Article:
McDonald’s French Fries No Cure For Baldness

You have probably heard the story that has recently gone viral: eating French fries could help you grow your hair and slow down hair loss. While most people doubted it–at least we hope so–some Internet users fell victim to this trick and kept on asking how many servings a day they should eat. Here is the answer: none. The whole story is a misinterpretation of a study aimed at growing hair follicles in a lab, not encouraging people to eat fast food.

Image Credit: aviglatt.com

It all started with an article published in the November issue of the scientific journal Biomaterials. It is a report from Japanese scientists who devised a container in which they managed to grow a large number of hair follicles that could be used to treat people with hair loss. Most modern hair loss treatments imply transplantation of the person’s own hair, so the number of follicles is not increased – they are just moved to another spot. As a result of the study, the researchers now can grow hair follicles in a lab – it is the first attempt of its kind to be successful, as all previous attempts were far from being a breakthrough.

Fast food = fast hair?

However, the way the story was told on the Internet differs dramatically from what was in the original paper. Daily Mail was the first to mention McDonald’s French fries in the headline of the news about the findings. It presented a rather accurate summary of what the scientists achieved, but they emphasized that the substance used to cultivate hair follicles is also added to the oil used to make fries. The claim led to a storm of articles repeating the same eat-fries-to-regrow-hair myth.

The chemical that did the trick was dimethylpolysiloxane, which the researchers placed at the bottom of the vessel for cultivation. The fact that linked the new findings to McDonald’s is that it is also used as an additive in oil for frying. Dimethylpolysiloxane prevents foaming, and its use has recently been reported in one of their official videos.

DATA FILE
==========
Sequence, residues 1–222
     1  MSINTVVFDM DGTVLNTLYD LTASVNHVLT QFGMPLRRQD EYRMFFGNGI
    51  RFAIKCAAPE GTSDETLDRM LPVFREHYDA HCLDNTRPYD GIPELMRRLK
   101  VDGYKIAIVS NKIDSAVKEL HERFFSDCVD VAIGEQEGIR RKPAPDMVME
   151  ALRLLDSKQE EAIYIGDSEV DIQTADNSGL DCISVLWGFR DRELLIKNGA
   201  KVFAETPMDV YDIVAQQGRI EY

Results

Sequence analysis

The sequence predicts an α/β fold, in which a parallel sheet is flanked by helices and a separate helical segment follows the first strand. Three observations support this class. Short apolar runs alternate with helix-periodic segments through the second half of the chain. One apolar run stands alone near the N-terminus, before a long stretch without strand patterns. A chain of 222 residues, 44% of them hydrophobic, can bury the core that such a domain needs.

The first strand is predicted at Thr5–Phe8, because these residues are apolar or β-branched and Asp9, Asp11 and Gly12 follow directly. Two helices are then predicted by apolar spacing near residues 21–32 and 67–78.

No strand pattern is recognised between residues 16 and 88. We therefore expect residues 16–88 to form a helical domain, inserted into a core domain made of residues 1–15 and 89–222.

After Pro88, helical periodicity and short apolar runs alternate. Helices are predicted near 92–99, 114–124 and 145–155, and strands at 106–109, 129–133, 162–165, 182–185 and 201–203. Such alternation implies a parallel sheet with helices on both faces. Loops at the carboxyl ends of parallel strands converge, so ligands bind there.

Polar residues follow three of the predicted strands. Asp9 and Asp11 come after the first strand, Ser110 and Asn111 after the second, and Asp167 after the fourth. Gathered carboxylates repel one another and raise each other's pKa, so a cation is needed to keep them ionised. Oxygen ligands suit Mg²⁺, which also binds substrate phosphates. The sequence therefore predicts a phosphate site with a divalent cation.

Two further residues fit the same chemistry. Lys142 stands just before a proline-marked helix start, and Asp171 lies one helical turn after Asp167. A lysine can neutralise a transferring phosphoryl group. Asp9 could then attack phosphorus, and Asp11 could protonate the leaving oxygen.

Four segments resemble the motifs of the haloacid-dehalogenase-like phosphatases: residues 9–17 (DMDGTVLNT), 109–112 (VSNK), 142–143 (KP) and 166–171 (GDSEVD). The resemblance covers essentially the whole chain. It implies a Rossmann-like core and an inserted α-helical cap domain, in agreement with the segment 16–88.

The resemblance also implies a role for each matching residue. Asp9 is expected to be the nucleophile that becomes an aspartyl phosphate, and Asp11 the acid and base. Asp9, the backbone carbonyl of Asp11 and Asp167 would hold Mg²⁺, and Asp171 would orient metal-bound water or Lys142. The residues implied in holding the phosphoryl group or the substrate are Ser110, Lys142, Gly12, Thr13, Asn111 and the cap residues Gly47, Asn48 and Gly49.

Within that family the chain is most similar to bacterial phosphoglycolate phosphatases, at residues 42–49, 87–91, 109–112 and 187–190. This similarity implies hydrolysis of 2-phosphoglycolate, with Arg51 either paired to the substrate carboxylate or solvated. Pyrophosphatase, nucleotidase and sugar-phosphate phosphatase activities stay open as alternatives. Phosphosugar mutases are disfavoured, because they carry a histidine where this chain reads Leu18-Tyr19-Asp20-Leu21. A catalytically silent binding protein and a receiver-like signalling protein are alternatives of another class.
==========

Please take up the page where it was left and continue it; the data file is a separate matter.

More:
Journalists quickly realized that the connection could make headlines scandalous and jumped at the opportunity to introduce a piece of news that made everyone eat fries and feel less guilty due to its potential benefits. The truth is that there is no connection at all: eating fries, be it McDonald’s or whatever else, won’t help you regrow hair. The chemical is used as a substrate for growing, which means it won’t help you conjure hair follicles in your scalp.

No way!

The researchers were surprised to find out their findings were interpreted in such a weird way. The study lead author Junji Fukuda was baffled when he received messages from people asking him how many servings of French fries would be enough for “treatment”.

There is no way dimethylpolysiloxane can affect your hair follicles. While the study findings suggest the approach is likely to work in humans as well, it has nothing to do with consuming fast food: the oil used for frying is not a source of the chemical, and eating it won’t do you good.

The myth was born due to journalists’ wish to make headlines as shocking or interesting as possible, and if it persists, the consequences can be damaging: fast food is associated with a wide range of detrimental effects on health, and increased consumption would aggravate the situation and exacerbate the symptoms of the society’s obesity epidemic, to say nothing of hair that would suffer from the harmful substances contained in oil used for frying. It’s especially dangerous to abuse frying oil, if it was used for longer than intended: the more the same oil is used for frying, the worse.

The bottom line is that trusting everything you read on the Internet can land you in hospital, so trust, but verify.

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